As far as things learned from the race, I have several. First, I need to figure out my nutrition. I took one gel at mile 15 and then drank water or gatorade for the remaining 11 miles. Second, electrolytes are essential. Due to the fact that I felt pretty nauseous after the race, I didn’t eat or drink anything for a few hours. It was until yesterday morning that I realized perhaps the reason I had a splitting headache was because I hadn’t consumed any electrolytes after running 26.2 miles. The headache finally went away last night. But perhaps the biggest thing I learned Sunday morning was that my feelings toward the distance have changed. Yes, 26.2 miles is a long distance to run but it wasn’t as bad as I remember in other races. In fact, it felt more like a long run on a Saturday morning than anything else. This change in perspective makes me excited.

I’m taking a few days off. Some light stretching today, some light cardio tomorrow, and maybe a few easy miles at the end of the week. As crazy as it is, I have another marathon in exactly one month. However, this one will absolutely be a slow, fun run. My body still needs time to rest.

Happy Trails and Happy Running,

Tracie

Here are my stats from the Chicago Marathon. My Garmin lost satellite a few times during the first mile so I had to hit lap/rest at the 1 mile marker to get it back on track.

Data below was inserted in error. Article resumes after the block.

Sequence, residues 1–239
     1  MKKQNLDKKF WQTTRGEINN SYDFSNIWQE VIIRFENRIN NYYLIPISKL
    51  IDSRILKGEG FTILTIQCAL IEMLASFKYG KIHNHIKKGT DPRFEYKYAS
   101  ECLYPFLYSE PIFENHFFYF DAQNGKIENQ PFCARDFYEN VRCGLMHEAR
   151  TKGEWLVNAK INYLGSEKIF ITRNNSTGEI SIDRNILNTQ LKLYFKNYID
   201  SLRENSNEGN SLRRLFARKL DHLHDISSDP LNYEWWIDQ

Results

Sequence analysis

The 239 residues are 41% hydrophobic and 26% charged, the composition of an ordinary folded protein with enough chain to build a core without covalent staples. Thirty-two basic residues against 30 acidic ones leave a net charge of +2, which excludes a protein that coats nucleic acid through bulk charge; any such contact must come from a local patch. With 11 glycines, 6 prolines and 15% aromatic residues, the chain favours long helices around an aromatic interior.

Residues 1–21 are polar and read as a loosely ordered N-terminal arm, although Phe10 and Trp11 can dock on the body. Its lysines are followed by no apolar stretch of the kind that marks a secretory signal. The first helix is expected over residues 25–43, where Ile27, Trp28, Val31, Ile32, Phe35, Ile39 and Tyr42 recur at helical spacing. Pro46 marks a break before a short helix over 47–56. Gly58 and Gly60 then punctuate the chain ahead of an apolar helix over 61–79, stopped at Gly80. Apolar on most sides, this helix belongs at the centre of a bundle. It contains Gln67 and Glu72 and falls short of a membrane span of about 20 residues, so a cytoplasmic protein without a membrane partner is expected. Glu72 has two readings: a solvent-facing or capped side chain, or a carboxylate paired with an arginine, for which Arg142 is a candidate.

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2 Comments Post a comment
  1. Congrats on this physical and mental victory! 3 months without speed work was like 3 months of good happy recovery time. Amazing what the body can do!
    I wanted to add some thoughts about race nutrition. I read once that you “eat/drink when you feel good, and eat/drink when you feel bad.” I think the quote is from an ultrarunner but the same is true for any distance. I take a gel every 45 – 50 min. Sometimes it seems ridiculous to be taking a gel when you have less than 5 km to go, but that fuel you put into yourself will also help with your recovery. I’m amazed you ran as you did on so little fuel and electrolytes, but (as Dr. Tim Noakes would attest) it’s what you train your body to do and what you are used to. Maybe this is what you are used to, but given the headache I think your body could have used a little more.
    An amazing effort and you showed such determination and resilience. Definitely makes the PR all the more enjoyable. Congrats!

    October 15, 2013
    • Hi Tania!
      I completely agree with you and in particular your statement about it seeming ridiculous to take a gel with 5km to go. That was my whole thought process… why take in a gel when you could be running. I actually only carried one gel with me and then thought about getting one at mile 17 when they were passing them out. At the time, it seemed like too much effort to grab one so I just kept going. I can’t even explain the headache that I had from 12:00pm that day until 8:00pm last night. My body was definitely out of whack. Luckily, I feel like I’m back to a state of homeostasis today. Nutrition is definitely something I’m going to work on leading up to Boston in April. I really do think it could help my running performance.

      Thank you as always for your kind words 🙂

      October 15, 2013